CHICAGO – Chicago Mayor Rahm Emanuel spoke to a class of fifth graders Tuesday about his efforts to improve their education, but he steered clear of the one subject parents around the city are worried about: a possible teachers strike.
Emanuel spoke at Marquez Charter School on the city's Southwest Side and greeted students at other schools before he was scheduled to leave the city to address the Democratic National Convention in Charlotte, N.C.
Each appearance was carefully controlled, with the mayor declining to take questions about the ongoing negotiations from reporters who followed him from school to school. The teachers union has called for a strike Monday if there's no agreement on a contract.
It was the first day of classes for many of Chicago's 400,000 public school students, although those at Marquez started last month. With reporters and television cameras lining the wall of one classroom, Emanuel was clearly addressing parents with his comments about lengthening Chicago's school days and school year and enacting the most "sweeping reform for the public school system on an educational basis in over a decade."
Meanwhile, parents outside one school where Emanuel appeared expressed frustration about all they haven't heard from the schools and city as they try to prepare for what would be the first teachers strike in Chicago in a quarter century.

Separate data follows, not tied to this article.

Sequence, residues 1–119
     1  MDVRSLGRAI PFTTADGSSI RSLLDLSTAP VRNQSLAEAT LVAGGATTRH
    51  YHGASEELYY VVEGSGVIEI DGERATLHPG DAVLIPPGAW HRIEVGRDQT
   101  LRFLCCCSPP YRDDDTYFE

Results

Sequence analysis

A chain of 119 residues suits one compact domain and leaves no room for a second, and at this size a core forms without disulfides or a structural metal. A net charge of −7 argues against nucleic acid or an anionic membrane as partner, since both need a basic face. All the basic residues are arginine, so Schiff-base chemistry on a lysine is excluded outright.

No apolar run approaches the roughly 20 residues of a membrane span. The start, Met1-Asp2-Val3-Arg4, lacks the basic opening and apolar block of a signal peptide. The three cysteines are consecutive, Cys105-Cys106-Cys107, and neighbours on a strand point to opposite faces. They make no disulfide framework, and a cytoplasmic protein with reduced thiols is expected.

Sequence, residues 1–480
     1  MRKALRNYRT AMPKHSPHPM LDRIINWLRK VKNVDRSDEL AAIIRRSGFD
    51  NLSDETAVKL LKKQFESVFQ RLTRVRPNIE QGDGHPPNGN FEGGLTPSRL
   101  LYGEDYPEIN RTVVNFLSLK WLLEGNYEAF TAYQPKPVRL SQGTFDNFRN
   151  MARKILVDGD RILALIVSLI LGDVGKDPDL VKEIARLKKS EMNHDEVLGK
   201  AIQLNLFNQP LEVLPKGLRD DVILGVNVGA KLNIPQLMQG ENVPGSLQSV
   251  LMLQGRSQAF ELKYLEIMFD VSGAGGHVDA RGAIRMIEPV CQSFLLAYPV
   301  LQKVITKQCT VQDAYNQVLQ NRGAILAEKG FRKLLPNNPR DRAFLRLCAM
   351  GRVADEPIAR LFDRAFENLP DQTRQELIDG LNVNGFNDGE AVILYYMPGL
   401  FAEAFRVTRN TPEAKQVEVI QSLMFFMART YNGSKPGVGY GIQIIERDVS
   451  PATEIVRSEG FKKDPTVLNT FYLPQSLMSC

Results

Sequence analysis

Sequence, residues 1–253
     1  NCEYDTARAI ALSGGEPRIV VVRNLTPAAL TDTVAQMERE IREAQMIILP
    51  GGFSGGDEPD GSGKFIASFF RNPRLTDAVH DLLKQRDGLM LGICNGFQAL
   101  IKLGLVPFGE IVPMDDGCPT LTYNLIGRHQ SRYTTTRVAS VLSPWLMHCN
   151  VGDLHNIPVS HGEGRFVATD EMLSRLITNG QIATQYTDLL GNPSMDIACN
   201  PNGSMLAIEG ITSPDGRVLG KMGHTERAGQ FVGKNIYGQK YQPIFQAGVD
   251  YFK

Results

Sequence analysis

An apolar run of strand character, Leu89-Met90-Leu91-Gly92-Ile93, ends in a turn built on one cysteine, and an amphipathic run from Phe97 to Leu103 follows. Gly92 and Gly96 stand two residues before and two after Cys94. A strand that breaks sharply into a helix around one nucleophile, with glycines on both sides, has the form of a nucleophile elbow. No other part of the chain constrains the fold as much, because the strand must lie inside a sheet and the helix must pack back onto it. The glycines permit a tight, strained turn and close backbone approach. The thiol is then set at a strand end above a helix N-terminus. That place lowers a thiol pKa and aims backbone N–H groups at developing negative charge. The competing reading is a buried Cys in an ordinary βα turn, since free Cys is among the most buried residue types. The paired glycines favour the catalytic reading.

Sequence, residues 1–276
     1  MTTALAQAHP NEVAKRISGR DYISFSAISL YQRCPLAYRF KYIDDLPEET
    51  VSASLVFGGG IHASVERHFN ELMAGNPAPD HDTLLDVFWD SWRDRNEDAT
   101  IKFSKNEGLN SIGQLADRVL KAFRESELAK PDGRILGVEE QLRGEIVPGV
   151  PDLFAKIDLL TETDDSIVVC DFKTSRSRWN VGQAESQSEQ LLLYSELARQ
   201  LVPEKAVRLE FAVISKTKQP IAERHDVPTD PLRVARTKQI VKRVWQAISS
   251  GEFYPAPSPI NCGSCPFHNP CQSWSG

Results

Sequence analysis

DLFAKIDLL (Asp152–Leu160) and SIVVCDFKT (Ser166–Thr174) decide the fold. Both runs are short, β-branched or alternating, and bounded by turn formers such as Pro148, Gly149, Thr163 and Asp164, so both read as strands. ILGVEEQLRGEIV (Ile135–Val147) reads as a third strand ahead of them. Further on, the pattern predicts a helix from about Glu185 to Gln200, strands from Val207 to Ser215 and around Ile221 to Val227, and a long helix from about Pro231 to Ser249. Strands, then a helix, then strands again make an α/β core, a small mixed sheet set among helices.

Lisa Villanueva, the mother of students at Shields Middle School, said the school district's plan to open some schools from 8:30 a.m. until 12:30 p.m. so children could eat breakfast and lunch and participate in activities would still leave her scrambling.
"I am a single mom and I don't have anybody else but myself, and I don't get off till 5:30, so it's like how am I going to work with my employer to be able to come here to pick up my kids? Because they are both little," she said.
A strike has become more likely as negotiations between the city and the union that represents more than 26,000 public school teachers have become increasingly contentious.
The school district has offered teachers a four-year contract with raises of 2 percent a year, an offer that teacher's union president Karen Lewis has repeatedly called unacceptable.
Some parents said they believe if there is a strike it will be because the city decided not to pay the teachers what they're worth and not because the teachers are greedy.
"The teachers put in long hours, buy materials themselves," said Patricia Hernandez, whose daughter is a fifth grader at Shields. "I'm not in favor of a strike, but I'm in favor of teachers getting what they deserve. ... We see the test scores [students] are getting and agree teachers should get more benefits, more pay."
Besides, said Danila Villegas, whose son is in seventh grade at the school, "The city always finds money for something else and not the education of the kids."
Emanuel is scheduled to speak at the convention Tuesday night. His spokeswoman Sarah Hamilton said he will return to Chicago on Wednesday and host, at the Obama campaign's request, a party for campaign staffers in Chicago on Thursday night.
Hamilton said a newspaper report that suggested the mayor was coming home early in large part because of the negotiations was wrong, and he had confidence that "the right people are at the [negotiating] table."